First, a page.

Encyclopedia of Historic Masonry Restoration

Damp Proof Course

In masonry construction, damp proof courses (also commonly referred to as DPC’s) are added to prevent rising damp from continuing above or significantly above the building footing and foundation.  Ground water at or near a building footing will permeate into the building footing when left… Read More »Damp Proof Course

Dome strainer, rooftop

Many of the buildings in Washington DC with commercial style flat roofs do not have internal drains. Instead, they have rear terminations which feed into guttering and downspout systems. However, flat roofs that are larger or wider than a typical city rowhome layout may use… Read More »Dome strainer, rooftop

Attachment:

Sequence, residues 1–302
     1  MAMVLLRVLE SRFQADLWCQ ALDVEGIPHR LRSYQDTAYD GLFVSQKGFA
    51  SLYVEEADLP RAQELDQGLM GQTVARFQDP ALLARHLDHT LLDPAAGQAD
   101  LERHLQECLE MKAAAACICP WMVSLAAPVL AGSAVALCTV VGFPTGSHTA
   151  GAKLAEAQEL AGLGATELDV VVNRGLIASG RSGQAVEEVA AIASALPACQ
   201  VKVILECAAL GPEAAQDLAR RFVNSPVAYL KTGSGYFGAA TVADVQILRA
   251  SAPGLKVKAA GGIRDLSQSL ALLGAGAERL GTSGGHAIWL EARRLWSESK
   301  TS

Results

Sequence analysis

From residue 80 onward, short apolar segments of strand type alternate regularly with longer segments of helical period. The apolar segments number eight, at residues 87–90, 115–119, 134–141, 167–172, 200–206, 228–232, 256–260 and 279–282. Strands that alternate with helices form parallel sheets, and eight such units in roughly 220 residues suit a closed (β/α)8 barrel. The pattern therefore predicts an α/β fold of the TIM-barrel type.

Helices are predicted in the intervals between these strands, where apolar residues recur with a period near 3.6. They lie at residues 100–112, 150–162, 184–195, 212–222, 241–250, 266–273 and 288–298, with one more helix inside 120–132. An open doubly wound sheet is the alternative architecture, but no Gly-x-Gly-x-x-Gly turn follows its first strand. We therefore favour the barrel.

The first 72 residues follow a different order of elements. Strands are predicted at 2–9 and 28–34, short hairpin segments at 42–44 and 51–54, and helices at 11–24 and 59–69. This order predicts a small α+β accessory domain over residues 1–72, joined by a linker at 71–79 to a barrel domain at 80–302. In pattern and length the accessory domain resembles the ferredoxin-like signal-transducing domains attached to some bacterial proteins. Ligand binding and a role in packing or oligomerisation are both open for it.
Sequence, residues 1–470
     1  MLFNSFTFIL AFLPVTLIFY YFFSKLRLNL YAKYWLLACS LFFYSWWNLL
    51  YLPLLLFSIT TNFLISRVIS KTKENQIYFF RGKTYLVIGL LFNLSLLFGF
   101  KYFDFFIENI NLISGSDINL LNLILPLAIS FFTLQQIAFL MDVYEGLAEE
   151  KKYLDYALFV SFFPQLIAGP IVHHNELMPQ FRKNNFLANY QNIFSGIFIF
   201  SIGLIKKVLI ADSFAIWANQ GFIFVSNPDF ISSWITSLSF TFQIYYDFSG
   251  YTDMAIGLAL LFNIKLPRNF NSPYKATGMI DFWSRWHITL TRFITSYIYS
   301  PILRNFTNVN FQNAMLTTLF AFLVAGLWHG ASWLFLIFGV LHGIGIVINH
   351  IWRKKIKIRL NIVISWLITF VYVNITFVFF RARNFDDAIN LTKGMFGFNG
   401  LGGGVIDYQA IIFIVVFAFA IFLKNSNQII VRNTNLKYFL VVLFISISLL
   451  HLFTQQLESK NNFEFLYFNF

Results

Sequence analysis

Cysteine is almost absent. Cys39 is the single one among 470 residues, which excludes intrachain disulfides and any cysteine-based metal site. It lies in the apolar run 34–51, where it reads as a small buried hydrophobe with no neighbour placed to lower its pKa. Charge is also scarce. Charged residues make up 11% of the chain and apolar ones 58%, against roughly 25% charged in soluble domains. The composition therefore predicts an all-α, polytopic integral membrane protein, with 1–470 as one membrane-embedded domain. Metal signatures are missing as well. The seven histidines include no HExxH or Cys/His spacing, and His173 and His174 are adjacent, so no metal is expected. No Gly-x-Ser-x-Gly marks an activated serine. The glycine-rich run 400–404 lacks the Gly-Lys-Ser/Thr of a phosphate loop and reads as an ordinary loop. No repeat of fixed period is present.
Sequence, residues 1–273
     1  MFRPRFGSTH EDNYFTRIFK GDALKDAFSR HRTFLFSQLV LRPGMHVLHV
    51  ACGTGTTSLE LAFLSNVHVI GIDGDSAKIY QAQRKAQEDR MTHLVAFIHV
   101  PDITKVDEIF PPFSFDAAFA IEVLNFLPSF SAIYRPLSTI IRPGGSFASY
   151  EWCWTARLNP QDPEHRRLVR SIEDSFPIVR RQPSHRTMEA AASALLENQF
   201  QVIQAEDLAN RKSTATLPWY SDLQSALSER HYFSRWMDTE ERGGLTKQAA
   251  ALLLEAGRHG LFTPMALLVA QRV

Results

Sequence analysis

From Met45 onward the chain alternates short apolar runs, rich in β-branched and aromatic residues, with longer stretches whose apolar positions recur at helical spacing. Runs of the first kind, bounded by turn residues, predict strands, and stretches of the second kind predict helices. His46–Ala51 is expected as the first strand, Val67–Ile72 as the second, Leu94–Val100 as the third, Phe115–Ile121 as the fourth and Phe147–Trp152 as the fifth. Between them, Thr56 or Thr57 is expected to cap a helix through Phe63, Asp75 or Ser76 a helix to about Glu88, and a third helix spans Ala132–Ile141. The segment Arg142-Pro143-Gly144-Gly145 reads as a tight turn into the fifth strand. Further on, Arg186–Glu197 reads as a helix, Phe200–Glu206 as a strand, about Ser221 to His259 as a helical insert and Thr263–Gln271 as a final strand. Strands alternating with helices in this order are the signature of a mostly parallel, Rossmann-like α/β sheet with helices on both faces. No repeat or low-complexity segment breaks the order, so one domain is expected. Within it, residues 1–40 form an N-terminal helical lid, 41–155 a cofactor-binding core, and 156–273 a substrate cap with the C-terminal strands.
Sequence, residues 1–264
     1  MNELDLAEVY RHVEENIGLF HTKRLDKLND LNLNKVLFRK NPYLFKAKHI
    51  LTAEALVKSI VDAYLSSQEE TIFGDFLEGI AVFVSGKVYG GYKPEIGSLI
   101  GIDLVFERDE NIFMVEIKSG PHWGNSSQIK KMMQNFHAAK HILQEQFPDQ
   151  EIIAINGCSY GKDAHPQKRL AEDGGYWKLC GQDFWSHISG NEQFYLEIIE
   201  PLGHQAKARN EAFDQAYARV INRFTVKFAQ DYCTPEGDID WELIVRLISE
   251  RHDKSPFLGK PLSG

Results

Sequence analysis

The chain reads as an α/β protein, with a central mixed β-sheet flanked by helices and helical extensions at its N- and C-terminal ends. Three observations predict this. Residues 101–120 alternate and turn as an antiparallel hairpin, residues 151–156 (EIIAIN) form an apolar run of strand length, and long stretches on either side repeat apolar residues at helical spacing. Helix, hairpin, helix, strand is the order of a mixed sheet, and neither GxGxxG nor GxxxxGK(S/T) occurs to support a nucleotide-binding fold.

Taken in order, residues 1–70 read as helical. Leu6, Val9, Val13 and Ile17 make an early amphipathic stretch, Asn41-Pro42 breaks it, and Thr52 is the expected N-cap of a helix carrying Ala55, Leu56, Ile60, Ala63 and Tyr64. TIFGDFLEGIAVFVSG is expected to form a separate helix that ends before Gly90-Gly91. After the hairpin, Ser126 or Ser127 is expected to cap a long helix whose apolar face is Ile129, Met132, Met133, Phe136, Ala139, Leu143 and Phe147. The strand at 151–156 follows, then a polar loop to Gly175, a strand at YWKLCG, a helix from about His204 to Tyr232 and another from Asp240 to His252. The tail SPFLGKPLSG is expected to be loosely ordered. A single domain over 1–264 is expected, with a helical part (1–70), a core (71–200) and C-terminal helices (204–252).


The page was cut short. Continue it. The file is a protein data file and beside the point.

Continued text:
Drip edge

Drip edges and flashings are impermeable or low-permeability materials, concentrically built to cover exposed areas susceptible to water entry. Fascia and rake boards terminate in a way to overlap the joints between the roof and brick masonry walls. The display board shown in the photo… Read More »Drip edge

Drip trails

On the surface of exterior building facades, at some places you can see signs of drip and leak trails.   Rainwater which runs over a roof and through guttering systems, for example, will generally have a bit of dirt and dust in the rain water.  These… Read More »Drip trails